Thank you for checking up on me. I was discharged too early with nurses not noticing I had massive withdrawal symptoms. So my doctor prescribed diazepam over a 7 day period to see if my trauma would resolve enough I’d be able to sleep/function normally.

This resulted in me ending up back in another hospital — not for drug dependence, but I had started to build tolerance to diazepam and needed to be weaned off it.

Emotionally, it’s a rollercoaster. I’ve lost a lot of independence. Psychiatric hospitals are terrifying when you’re young and don’t know what to expect. Everyday it feels like I’m fighting between being controlled by drugs or suffering the fear of reliving my trauma again.

Steam__Engenius2 karma

Did you find any way to combat your pain? Or mental techniques to manage it?

fairyfloss172 karma

I think it’s easier to manage the pain in the sense the pain/depression cycle has been broken, at least temporarily. I have a new perspective on my life and all my relationships. So the fact I’m less depressed does mean I don’t feel as burdened by pain anymore, even if the physical sensation is still there.

I still do mindfulness regularly using Headspace the app, which is a small thing but has been really helpful for me. I see a psychologist every couple of weeks as well who practises CBT.

Swagaru2 karma

Holy shit.

They put you into a medically induced K hole essentially? I was interested in this treatment but now, not so much.

fairyfloss173 karma

I mean, you’re not supposed to go through the k-hole, it’s more like an unintended side effect. My doctor has stipulated my experience was very one-of-a-kind and no one else he has seen had debilitating side effects while on a safe dose of ketamine.

endlessstringof112 karma

Any idea about what happened to others on the study?

fairyfloss1712 karma

Hi, it was not a clinical trial. It cost about $2k AUD with my insurance covering 75% of it. From what my pain specialist told me, most of his patients got some relief from it but I have no clue how true that is unfortunately :(

EntForgotHisPassword2 karma

I have no clue how true that is unfortunately

Why would your specialist lie? Would seem like an odd thing to do.

I've not read the studies on ketamine and fibromyalgia, but the studies on depression seem quite promising (especially the ones on treatment resistant depression).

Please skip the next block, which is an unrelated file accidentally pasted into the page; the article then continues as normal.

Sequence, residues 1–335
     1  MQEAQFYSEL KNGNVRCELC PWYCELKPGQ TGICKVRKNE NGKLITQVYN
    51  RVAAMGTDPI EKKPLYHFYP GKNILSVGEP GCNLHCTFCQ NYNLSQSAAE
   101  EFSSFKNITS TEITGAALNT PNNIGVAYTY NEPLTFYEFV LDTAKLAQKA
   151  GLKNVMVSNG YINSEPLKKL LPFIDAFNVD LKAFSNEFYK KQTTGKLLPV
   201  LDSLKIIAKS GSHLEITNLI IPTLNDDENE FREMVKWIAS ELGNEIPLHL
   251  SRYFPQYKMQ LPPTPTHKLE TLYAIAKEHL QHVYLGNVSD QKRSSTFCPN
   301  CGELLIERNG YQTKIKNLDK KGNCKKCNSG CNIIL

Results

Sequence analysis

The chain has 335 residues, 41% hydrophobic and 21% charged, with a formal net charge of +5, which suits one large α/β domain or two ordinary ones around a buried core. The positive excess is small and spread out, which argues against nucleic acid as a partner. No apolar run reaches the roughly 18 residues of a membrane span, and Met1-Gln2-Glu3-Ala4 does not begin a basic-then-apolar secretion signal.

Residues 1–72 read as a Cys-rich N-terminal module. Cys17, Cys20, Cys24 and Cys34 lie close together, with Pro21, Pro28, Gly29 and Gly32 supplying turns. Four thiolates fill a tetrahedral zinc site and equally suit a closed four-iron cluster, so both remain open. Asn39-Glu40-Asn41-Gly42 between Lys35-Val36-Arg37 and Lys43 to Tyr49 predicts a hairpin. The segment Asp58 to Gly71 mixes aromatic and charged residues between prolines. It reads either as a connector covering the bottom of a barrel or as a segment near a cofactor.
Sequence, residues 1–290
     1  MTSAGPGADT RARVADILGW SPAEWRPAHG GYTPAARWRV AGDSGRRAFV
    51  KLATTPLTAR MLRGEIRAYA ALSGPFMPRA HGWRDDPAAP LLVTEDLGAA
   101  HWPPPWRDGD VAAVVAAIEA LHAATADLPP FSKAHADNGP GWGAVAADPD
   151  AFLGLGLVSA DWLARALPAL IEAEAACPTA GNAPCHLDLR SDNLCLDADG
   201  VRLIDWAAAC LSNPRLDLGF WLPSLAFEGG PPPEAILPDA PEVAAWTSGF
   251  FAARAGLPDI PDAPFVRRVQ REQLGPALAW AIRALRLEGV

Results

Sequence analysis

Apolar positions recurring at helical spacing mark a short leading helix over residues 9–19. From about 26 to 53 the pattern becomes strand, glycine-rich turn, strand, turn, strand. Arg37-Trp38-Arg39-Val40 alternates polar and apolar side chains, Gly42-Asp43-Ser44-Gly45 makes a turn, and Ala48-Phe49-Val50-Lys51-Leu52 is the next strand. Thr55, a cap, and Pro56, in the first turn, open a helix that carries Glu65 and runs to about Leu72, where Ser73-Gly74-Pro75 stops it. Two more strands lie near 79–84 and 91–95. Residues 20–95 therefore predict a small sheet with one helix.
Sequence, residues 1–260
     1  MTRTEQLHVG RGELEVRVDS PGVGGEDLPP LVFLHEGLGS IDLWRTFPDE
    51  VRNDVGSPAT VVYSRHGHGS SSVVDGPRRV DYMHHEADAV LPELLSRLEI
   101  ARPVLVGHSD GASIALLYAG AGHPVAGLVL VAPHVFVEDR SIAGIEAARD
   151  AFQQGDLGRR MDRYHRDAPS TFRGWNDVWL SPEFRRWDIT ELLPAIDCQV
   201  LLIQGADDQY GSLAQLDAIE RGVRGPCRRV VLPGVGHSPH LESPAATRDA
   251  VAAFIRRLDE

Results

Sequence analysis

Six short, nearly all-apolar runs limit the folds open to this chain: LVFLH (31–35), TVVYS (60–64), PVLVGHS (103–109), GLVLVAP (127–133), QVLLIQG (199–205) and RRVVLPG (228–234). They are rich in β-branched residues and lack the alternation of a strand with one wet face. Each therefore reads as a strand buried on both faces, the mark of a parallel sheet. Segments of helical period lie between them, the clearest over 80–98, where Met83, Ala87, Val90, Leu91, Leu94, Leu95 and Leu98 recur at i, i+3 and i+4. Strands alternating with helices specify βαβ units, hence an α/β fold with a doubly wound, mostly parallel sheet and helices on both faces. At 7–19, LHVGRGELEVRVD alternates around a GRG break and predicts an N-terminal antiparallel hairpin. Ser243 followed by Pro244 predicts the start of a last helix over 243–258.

fairyfloss175 karma

True isn’t the best word to use perhaps. I guess he’s saying to the best of his knowledge, most of his patients find some pain relief. Because it’s such a new procedure in Australia it’s super hard to find lots of research into ketamine and chronic pain, hence why I stated I have no way of verifying its efficacy. Thanks for picking up on that :)

BitterPillPusher2-3 karma

Have you ever explored the possibility of Lyme disease? I know Australia barely even recognizes that Lyme exists, but not only does it exist, but it's much more common than people (and doctors) realize. It took me seeing more than a dozen doctors, all of whom refused to even test me for it, before I got a diagnosis, and that was after spending $$$ for a Lyme specialist. Even if they did test me, the CDC approved test is only 50% accurate (by their own admission) and only 30% accurate according to a John's Hopkins study. So the test can be negative, and there's a better chance than not that you still have it. My doc did the same blood test with a different lab, and it lit up like a Christmas tree. A year of taking a shit ton of antibiotics and I went from bedridden to 100% well. My Lyme doc said he has never had someone diagnosed with fibromyalgia who didn't test positive for Lyme.

fairyfloss1710 karma

No I hadn’t considered that actually, thanks for your suggestion. I am still in recovery at this stage so will be exploring what my other options are once I’m feeling a bit better. I’m glad you had improvements though :)